Program Success Monitored By  Number of homes and families we assist.
Examples of Program Success 

In immediate response to the historic flooding that occurred last fall, All Hands immediately deployed teams to the neglected areas of St Andrews and Georgetown, where we spent over 8 weeks assisting those most in need. While our immediate response phase wrapped up in December, we have now returned to the area to help families recover from the damage and help them rebuild their homes.

Our initial priorities revolve around mold sanitation and helping to repair and rebuild homes damaged by the storms. We will be targeting lower income families with a focus on homes with elderly or disabled residents, single parent head of households and households with young children. Our aim is to stay in the area until the affected communities are able to rely on their own resources.


CEO/Executive Director/Board Comments

All Hands Volunteers is the world’s leading disaster relief organization powered by volunteers. Over the last ten years, we have enabled over 35,000 volunteers to donate 175,000 days impacting 500,000 people all over the globe. As our volunteers work together to rebuild hope alongside local residents and partners, communities are restored and lives are transformed.
Your continued support of All Hands is essential to our mission to help survivors of natural disaster. On behalf of our entire family, I share our deep gratitude for your thoughtfulness and generosity.
Erik Dyson
Executive Director & CEO

Management


CEO/Executive Director Mr. Erik Dyson
CEO Term Start July 2013
CEO Email erik@hands.org
CEO Experience Erik Dyson recently joined All Hands Volunteers, succeeding founder David Campbell to become our second Executive Director. Erik has long had a passion for volunteer work, having served early in his career as regional and national program developer for Habitat for Humanity International. He continued working internationally, developing an impressive track record in international business, and is pleased to once again join an organization that combines international work with a commitment to serve those in need. Erik has taken on the important mission of guiding All Hands during its next phase of growth, as we approach our 10-year anniversary in 2015.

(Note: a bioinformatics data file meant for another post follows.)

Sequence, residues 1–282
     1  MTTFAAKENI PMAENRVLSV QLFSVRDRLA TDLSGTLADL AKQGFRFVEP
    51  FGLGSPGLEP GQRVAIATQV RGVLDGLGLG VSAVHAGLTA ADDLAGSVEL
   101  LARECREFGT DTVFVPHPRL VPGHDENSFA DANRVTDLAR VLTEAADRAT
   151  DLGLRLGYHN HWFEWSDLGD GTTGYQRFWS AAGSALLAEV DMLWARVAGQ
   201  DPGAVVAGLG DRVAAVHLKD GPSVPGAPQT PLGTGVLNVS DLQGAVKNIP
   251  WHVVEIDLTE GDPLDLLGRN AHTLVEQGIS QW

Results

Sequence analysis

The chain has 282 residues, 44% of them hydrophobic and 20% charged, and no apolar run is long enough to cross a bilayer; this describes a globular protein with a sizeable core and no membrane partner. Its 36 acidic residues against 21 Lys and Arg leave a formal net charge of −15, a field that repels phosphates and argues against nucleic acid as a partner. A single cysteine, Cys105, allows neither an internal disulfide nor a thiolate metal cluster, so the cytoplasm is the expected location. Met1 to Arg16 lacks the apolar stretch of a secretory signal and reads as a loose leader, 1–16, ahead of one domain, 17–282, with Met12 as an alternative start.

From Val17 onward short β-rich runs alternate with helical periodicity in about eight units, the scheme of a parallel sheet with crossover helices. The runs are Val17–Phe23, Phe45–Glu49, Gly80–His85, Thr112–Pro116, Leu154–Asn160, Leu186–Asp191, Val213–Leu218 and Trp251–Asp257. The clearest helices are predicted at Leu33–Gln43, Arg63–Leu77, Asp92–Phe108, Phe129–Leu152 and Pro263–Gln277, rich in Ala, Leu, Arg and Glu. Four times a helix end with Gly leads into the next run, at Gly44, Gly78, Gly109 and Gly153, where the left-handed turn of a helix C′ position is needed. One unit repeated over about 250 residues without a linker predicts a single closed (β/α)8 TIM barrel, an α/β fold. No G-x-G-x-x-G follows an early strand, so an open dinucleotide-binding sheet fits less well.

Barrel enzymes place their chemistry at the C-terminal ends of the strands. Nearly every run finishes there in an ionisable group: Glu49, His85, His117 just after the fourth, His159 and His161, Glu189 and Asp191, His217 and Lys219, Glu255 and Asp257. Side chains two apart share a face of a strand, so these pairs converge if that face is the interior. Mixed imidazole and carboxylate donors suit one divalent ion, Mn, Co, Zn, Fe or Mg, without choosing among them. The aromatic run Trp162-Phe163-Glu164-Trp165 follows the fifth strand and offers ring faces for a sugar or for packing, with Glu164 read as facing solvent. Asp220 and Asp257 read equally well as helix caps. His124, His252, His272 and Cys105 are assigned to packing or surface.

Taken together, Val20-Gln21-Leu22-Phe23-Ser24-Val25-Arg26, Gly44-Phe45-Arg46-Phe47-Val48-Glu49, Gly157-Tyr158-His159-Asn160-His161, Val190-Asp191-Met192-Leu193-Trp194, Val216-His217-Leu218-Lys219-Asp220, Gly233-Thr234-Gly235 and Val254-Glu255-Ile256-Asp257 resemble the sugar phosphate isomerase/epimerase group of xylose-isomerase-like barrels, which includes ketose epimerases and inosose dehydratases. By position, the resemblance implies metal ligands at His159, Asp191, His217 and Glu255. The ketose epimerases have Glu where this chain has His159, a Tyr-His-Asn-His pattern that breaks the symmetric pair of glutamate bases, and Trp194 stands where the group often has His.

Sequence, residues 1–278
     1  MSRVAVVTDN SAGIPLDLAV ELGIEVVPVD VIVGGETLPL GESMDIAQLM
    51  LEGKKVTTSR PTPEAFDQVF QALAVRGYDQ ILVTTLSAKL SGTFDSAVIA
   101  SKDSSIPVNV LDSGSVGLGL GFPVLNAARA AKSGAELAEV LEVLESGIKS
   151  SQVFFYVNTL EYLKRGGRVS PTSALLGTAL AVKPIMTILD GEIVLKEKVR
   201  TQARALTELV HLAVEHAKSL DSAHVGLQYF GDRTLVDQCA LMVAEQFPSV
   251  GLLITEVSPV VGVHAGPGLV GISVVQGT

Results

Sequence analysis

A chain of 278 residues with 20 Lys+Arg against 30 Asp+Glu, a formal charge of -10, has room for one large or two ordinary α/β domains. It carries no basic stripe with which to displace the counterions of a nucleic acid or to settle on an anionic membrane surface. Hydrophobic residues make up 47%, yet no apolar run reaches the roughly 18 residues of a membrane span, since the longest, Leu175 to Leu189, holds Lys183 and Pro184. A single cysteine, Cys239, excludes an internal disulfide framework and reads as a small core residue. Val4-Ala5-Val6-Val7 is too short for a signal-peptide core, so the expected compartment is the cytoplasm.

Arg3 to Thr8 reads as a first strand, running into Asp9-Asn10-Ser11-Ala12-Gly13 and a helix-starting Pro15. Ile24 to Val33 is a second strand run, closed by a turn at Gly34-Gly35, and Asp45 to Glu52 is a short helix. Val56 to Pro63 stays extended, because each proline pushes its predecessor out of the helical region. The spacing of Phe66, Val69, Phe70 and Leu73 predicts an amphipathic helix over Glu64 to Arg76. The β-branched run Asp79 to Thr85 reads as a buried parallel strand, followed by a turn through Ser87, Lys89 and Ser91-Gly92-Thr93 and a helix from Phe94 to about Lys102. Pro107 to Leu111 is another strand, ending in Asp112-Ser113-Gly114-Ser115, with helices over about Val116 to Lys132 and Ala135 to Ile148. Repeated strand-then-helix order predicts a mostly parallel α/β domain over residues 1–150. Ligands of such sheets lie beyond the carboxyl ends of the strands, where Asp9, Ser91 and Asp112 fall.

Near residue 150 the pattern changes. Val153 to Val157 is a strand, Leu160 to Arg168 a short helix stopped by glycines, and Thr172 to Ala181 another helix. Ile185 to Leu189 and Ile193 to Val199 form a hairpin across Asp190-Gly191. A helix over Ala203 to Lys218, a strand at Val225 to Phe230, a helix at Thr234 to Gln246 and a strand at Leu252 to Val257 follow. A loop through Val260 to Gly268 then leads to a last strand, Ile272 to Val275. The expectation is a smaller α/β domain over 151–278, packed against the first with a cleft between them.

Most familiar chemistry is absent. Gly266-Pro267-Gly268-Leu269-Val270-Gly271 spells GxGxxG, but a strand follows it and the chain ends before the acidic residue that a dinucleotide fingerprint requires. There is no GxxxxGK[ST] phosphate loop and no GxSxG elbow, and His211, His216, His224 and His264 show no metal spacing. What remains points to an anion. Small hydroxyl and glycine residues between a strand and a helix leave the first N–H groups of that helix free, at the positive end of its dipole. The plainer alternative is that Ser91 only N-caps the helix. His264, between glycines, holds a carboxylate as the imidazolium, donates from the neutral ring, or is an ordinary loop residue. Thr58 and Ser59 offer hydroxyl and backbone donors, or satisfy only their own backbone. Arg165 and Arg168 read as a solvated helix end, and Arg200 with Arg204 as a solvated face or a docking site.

Prior to All Hands, Erik was the senior vice president of Latin America for GTECH Corporation, managing the company’s operations and pursuing new business opportunities. Previously he served as vice president of Latin America and Caribbean, where he guided the growth and development of the company’s presence in the region. Before joining GTECH, Erik worked in commercial real estate in the Boston area, and also worked for three years in El Salvador and Costa Rica with Habitat for Humanity International.

Erik graduated from Harvard Business School with a Masters in Business Administration, and American University where he studied International Business and Finance. Erik currently serves on the board of directors for Dorcas International Institute of Rhode Island and Helping Hands and Hooves.
Co-CEO --
Co-CEO Term Start --
Co-CEO Email --
Co-CEO Experience --

Former CEOs and Terms

Name Start End
Mr. David Campbell Sept 2005 July 2013

Senior Staff

Name Title Experience/Biography
Ninfa Bito Philippines Country Director

Ninfa first joined All Hands as a volunteer in 2006 on Project Santa Domingo, a typhoon response in the Bicol province of the Philippines. In January 2014, she formally joined the team as Philippines Country Director. Ninfa brings a background of account management and business development in the corporate and financial service sectors of the US, UK, and Hong Kong, as well as the development sector in the Philippines, having worked with companies such as Morgan Stanley & Co, Deutsche Morgan Grenfell, Robert Fleming, and Asian Development Bank, where she consulted on renewables and clean technology.